Since their inception, The Reformers have remained restless, searching, ambitious, rarely doing the same thing twice, eschewing anything resembling the traditional trappings of what the public recognizes as theater; playing constantly with form, technique and theatrical vocabulary. In recent years, Reformers productions have taken place in spaces as diverse as a garage, inside a moving van, online, or in an abandoned storefront at the mall, to name a few.

Their aim is to engage as many different senses in as many different methods as they can come up with to tell stories in new and interesting ways. It’s a path strewn with artistic and aesthetic booby traps, to be sure, but a path they tread with audacity, fearlessness, and a not small amount of self-aware humor.

What that is in 2023 looks entirely different from what they were doing when their production of Scott T. Barsotti’s The Revenants exploded onto the Portland theater scene ten years ago. Different, but you can see the same basic principles still at work. They’re still intensely immersive, still finding different ways to explore the relationship between the performer and audience, but now they’re entirely uninterested in conventional, script-driven theatre. “I really want to keep our work more avant-garde, more surreal, more absurd,” says Creagle.

Horror season’s greetings: Charmian Creagle and Sean Lujan. Photo courtesy The Reformers.

She had been interested in working with Rossi (Anthony Hudson) for years: “I fell in love with them when I saw them MC the Drammy Awards.” She introduced herself and the two talked about the possibility of collaboration. Creagle discovered that Hudson shared her passion for horror, even to the tune of producing their own podcast, Gaylords of Darkness, a highly entertaining, weekly (“every Wednesday when the clock strikes 6:66,”) podcast, whose essential goals, Hudson says, are “to chart the arcane world of horror through a queer lens – with occasional visits from ghouls, goblins and briefcase women from the 1980s.”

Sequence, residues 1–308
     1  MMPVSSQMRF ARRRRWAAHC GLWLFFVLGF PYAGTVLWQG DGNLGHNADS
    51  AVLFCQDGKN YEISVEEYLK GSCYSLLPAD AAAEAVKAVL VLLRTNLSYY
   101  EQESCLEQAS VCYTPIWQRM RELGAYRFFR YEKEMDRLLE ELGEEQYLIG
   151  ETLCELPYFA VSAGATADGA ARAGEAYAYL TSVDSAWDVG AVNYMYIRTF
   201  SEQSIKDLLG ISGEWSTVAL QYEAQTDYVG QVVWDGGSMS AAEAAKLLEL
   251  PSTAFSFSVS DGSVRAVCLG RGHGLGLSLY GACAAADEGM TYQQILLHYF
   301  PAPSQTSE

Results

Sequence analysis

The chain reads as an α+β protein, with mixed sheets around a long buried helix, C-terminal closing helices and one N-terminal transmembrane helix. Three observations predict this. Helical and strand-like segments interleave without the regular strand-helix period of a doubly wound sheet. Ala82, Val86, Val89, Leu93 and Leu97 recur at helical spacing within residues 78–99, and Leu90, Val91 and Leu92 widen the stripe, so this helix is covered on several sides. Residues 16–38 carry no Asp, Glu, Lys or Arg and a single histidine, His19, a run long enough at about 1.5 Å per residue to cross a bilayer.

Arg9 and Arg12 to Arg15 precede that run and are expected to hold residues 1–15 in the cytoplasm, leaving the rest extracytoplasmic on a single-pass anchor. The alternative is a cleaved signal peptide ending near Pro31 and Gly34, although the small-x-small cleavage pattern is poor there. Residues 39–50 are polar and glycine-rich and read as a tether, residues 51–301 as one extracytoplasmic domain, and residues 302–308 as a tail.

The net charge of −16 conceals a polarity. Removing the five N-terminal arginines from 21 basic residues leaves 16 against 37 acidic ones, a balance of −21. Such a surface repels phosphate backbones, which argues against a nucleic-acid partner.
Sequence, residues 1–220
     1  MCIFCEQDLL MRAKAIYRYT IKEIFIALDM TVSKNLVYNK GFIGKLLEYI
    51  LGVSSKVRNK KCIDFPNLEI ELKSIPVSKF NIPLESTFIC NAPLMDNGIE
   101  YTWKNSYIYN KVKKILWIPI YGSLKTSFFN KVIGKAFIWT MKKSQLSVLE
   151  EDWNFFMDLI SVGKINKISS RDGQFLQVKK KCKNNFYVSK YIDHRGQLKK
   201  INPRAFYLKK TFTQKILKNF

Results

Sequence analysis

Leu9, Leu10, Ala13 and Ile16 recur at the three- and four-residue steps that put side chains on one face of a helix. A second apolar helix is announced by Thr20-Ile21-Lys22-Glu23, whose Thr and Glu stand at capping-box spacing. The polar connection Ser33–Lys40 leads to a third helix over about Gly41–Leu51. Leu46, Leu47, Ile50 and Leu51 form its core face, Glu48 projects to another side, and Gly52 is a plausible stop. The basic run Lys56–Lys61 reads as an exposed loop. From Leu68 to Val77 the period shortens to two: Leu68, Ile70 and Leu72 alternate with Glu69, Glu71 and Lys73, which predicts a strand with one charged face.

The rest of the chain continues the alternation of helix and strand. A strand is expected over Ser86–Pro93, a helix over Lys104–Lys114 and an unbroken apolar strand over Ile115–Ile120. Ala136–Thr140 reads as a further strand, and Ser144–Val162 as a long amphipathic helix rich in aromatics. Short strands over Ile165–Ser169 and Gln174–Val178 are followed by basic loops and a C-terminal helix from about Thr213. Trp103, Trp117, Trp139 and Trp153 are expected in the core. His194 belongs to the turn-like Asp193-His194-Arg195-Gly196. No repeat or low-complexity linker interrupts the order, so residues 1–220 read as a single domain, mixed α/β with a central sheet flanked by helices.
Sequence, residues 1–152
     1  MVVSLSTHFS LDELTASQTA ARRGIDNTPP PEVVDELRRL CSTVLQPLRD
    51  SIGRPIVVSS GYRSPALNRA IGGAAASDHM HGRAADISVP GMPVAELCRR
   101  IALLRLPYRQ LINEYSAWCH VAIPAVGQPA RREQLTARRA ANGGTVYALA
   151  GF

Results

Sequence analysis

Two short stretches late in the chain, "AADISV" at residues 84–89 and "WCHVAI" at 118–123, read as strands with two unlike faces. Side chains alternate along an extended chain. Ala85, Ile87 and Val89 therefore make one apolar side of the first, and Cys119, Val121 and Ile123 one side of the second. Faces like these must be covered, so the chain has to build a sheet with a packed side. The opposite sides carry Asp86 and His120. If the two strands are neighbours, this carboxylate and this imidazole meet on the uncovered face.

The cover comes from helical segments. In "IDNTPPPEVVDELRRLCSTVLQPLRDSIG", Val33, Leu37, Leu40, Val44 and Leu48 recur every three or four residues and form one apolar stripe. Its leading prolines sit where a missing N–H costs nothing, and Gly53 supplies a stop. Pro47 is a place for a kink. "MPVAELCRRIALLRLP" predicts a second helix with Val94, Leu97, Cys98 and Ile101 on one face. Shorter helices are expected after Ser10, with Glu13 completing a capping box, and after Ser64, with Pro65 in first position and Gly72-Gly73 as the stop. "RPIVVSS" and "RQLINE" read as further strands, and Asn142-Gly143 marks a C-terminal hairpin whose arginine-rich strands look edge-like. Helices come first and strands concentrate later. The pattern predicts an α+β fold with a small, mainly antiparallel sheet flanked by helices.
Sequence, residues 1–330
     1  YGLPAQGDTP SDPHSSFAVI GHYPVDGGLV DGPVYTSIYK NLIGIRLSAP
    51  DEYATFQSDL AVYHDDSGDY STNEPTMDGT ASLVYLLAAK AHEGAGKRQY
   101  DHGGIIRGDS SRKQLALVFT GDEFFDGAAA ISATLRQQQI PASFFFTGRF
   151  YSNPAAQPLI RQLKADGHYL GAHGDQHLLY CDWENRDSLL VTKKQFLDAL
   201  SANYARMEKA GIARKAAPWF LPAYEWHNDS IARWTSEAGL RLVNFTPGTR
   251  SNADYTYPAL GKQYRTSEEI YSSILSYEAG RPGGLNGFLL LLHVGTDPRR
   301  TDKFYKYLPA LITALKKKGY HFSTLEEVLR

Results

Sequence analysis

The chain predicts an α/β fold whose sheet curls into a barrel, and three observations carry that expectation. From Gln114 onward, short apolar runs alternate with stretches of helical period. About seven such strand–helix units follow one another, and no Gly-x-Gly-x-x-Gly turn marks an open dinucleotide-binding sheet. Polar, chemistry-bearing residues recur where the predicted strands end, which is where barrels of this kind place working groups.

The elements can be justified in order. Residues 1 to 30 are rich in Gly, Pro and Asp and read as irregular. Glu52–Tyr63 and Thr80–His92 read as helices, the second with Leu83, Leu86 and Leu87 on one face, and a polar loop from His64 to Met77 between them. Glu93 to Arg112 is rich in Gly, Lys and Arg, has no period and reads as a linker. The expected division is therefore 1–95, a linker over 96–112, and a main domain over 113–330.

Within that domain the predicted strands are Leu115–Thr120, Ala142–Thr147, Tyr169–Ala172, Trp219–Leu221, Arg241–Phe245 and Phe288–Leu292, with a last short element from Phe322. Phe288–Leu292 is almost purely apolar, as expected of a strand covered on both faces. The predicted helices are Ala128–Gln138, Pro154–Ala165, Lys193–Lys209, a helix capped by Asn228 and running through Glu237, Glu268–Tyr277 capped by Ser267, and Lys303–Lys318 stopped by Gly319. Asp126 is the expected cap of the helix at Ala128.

A relationship was developed, but actually being able to collaborate was a bit trickier, what with Hudson’s busy schedule and a world-wide pandemic and all. But Hudson did come to see their We’re All Gonna Die, and, according to Lujan, “just absolutely loved it,” and they all agreed that at some point they should work together. 

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In the meantime, an idea was starting to form in Creagle and Lujan’s collective mind, centered on creating work at the Hollywood Theatre on Sandy Boulevard. However, coordinating that idea around the Hollywood’s own agenda proved complicated.

As the result of an impromptu meeting at a food cart, Hudson’s partner, Jason Davis, a manager at Movie Madness, had the idea of The Reformers exploring their idea at the venerable video icon. Creagle and Lujan were excited about the idea and thought about how to make it unique to Movie Madness. “We wanted to link it to the space,” says Creagle. “There’s no point in doing something site-specific unless the space is somehow connected to the story.”

One of the many things that make Movie Madness special in this age of the internet and streaming is that it has a ton of movies that are difficult, if not impossible, to find through those methods. One example is ’80s horror flicks – especially slasher films. 

In the past few decades slasher movies have been one of the more overt cultural spasmings of our collective neuroses. “Slasher films are really a pivotal point for [The Reformers] as horror-lovers,” says Creagle. “Sean’s favorite film is Halloween.”